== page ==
Rupee Depreciation Adds to Renewable Energy Sector’s Woes

Currency devaluation could translate into higher EPC costs and project execution delays


The Indian rupee’s recent fall against the U.S. dollar has added to the domestic renewable industry’s woes which is already struggling with rising prices, duties, and supply chain issues.

The rupee has been trading above ₹79 to the dollar, thanks to the surging dollar, rising imports, and foreign portfolio investors withdrawing money from emerging markets, including India.

Renewable energy project developers say the rupee depreciation will translate into a sharp jump in EPC (engineering, procurement, and construction) costs, leading to delays in project execution. Even a slight increase in the rupee-dollar exchange rate leads to a consequent increase in project costs.

Industry insiders told Mercom that the impact on EPC costs would be much more because of the significant exchange rate variation between the time of bidding and the finalization of the solar module supply agreement.

Goutam Samanta, Head, PV technology, Juniper Green Energy, said solar power developers would suffer an overall reduction in already modest margins. “Moreover, a major part of the project cost is incurred in dollars, whereas the revenue is derived in rupees. This exposes the bidder to the risk of inflation in project cost due to the fluctuating currency rates.”

Avinash Hiranandani, CEO & MD, Renewsys, concurs. “The depreciation will impact the entire solar value chain.”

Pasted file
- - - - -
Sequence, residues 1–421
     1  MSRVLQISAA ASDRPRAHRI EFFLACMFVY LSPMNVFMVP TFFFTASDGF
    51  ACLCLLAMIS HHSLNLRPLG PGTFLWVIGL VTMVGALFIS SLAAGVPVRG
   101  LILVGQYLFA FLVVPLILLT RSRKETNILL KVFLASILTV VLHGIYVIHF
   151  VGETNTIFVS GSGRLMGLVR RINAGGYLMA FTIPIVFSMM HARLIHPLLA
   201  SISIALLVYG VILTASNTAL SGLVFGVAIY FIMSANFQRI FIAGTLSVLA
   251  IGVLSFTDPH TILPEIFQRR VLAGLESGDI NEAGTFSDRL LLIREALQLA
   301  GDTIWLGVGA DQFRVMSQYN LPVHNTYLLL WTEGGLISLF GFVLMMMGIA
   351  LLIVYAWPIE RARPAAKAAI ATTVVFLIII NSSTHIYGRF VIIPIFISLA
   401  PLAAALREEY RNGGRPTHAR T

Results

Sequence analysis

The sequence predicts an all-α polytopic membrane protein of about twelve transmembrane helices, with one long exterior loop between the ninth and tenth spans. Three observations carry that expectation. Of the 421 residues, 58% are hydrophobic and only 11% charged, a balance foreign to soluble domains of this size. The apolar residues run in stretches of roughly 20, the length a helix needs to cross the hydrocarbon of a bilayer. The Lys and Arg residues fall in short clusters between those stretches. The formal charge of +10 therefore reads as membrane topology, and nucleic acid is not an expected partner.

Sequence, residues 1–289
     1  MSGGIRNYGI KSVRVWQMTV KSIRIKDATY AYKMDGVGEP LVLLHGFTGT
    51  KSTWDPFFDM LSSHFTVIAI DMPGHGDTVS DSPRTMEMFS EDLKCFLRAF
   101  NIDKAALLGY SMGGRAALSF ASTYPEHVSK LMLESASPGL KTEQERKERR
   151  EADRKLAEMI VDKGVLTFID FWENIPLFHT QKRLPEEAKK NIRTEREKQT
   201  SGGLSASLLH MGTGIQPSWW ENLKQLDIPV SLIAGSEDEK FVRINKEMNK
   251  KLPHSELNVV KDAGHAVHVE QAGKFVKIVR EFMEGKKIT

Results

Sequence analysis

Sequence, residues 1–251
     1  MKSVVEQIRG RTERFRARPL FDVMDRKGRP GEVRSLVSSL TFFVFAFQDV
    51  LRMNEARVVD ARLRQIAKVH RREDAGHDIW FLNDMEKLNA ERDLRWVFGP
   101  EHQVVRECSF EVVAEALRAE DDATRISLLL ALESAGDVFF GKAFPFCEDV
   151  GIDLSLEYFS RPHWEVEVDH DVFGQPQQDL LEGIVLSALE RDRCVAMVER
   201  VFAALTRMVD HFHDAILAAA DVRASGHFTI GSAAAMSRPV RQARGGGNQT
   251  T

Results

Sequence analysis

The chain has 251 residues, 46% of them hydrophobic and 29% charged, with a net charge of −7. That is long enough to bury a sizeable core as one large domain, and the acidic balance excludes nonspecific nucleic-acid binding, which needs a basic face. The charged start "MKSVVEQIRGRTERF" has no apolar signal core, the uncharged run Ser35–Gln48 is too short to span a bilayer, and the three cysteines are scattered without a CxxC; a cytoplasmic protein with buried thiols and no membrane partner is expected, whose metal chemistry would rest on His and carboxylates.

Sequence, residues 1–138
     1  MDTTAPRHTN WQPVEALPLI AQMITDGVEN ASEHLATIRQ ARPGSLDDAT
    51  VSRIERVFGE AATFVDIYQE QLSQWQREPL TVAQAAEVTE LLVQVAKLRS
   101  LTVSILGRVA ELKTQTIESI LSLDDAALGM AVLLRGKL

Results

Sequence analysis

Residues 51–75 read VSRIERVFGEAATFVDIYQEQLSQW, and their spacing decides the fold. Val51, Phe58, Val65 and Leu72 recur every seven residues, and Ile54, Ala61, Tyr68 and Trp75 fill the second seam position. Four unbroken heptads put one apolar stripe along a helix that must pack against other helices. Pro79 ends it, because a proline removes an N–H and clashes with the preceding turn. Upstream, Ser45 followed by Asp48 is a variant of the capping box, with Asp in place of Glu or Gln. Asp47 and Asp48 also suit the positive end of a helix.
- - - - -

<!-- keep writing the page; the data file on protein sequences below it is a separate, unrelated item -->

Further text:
The rupee value has depreciated around 13% in a staggered manner in the last four years. Indian solar manufacturers are trying to cope with the consequent impact on working capital. As Harsh Jain, Director, Citizen Solar, put it, “Along with the Indian rupee, the Chinese RMB has also depreciated. So, for a net import country like ours, along with the rupee, there is added price pressure from China. It is tough with BCD (basic customs duty) added to the mix.”

Industry bodies have in the past voiced concerns over the rupee’s volatility. In 2021, the National Solar Federation of India wrote to the Ministry of Power to consider the U.S. dollar rate escalation and its impact on bids to procure power round-the-clock from renewable energy sources. It had requested the ministry to amend the guidelines to allow escalation indices used for calculating levelized tariffs to be converted to rupees based on the exchange rate for that year.

It is not that the rupee depreciation alone is to blame. According to Jain, polysilicon prices have increased by 3-4%, leading to wafer/cell price hikes in the last three months. On the other hand, prices of aluminum and copper (copper ribbon used in solar panels) have crashed in the last few weeks.

“Recession has been looming in the background. The private sector demand has come down. The sentiment is changing, and customers prefer to wait since solar is a luxury at this point,” Jain said.

Waiting for the international market to ease is one way to cope with the contingency. Otherwise, given the short timeframe between negotiations and delivery, any cost impact will be passed on to the consumer. “Since the operating margins are very low, hedging is not possible,” Hiranandani said.

However, contingencies are not new to solar. Though the industry suffers from such blows, it has recovered with sudden positive changes.

Samanta feels that along with an allowance for hedging, suitable clauses must be incorporated in contracts to account for unpredictable changes in imported items, specifically modules or module balance of systems. “Higher power rated modules with latest technologies will play an important role in maximizing plant performance (enhancement of power output) and reducing costs.”

Though there is admittedly a deep worry building, developers and manufacturers are in a wait-and-watch mode for the time being.

The industry experienced a similar situation in 2018, but that phase did not last very long.